There is also an administrative or structural bias concerning the way in which ideology is translated into strategy.6 "Services" are structured to be available in ways that are suitable to those dispensing them. They are available at certain hours (which mayor may not be the hours of highest need in the community) and at certain places (which may be inacces­sible to those needing the services); and they are dispensed in certain ways (which are dehumanizing to the recipient). But even these problems would seem minor if a person were able to leave a service center having been truly aided in some way. In fad, there are scores of cases in, evidence which detail the breakdown of such systems of services and their failure to deliver the services originally provided for.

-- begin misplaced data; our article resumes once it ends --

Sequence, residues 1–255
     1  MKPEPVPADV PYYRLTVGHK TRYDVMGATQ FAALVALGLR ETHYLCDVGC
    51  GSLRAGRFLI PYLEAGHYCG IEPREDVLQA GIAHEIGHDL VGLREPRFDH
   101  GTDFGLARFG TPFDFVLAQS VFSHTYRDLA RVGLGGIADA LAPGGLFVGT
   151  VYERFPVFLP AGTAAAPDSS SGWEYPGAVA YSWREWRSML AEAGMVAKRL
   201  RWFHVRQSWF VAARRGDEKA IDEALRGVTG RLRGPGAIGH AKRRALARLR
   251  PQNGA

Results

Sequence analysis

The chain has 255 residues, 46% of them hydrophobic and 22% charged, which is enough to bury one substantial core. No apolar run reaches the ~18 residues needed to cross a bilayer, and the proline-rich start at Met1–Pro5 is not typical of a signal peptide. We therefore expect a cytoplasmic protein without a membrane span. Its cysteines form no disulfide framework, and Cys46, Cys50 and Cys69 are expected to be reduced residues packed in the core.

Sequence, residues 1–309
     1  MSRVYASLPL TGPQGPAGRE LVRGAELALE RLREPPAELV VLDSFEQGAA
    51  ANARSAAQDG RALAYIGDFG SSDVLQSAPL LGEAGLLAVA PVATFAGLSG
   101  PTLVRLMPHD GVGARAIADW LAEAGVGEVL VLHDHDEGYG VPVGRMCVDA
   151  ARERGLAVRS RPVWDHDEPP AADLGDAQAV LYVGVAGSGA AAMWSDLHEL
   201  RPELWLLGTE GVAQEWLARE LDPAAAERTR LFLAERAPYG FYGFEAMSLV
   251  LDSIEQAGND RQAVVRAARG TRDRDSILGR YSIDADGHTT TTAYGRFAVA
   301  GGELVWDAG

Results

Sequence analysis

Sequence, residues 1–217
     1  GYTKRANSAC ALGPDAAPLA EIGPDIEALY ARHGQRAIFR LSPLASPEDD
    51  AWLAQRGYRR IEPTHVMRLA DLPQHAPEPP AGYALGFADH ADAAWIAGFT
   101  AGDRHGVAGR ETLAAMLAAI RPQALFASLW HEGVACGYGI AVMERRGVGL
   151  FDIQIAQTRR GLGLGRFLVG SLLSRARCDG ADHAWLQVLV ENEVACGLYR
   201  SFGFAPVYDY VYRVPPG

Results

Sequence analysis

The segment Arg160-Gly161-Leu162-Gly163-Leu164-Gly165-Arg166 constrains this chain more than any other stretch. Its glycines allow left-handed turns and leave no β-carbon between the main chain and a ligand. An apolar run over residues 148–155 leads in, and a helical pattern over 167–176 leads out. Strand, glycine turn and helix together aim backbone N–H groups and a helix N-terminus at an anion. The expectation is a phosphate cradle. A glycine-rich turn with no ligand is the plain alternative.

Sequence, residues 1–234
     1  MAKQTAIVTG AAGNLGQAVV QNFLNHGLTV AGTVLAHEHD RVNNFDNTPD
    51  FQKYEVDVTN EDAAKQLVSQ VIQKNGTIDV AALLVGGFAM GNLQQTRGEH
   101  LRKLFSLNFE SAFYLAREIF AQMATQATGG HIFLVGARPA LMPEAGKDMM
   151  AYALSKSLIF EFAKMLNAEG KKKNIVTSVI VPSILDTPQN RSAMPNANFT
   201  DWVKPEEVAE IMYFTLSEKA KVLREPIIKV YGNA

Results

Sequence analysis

There have been some recent administrative experiments designed to make the delivery systems .more efficient, such as Program Planning Budgeting Systems,7 but this method seems more applicable to institutions dealing in "hardware" and physical resources than it does in planning for delivery of human resources of the "software" variety. It has been and always will be difficult to quantify need beyond the most elementary material levels.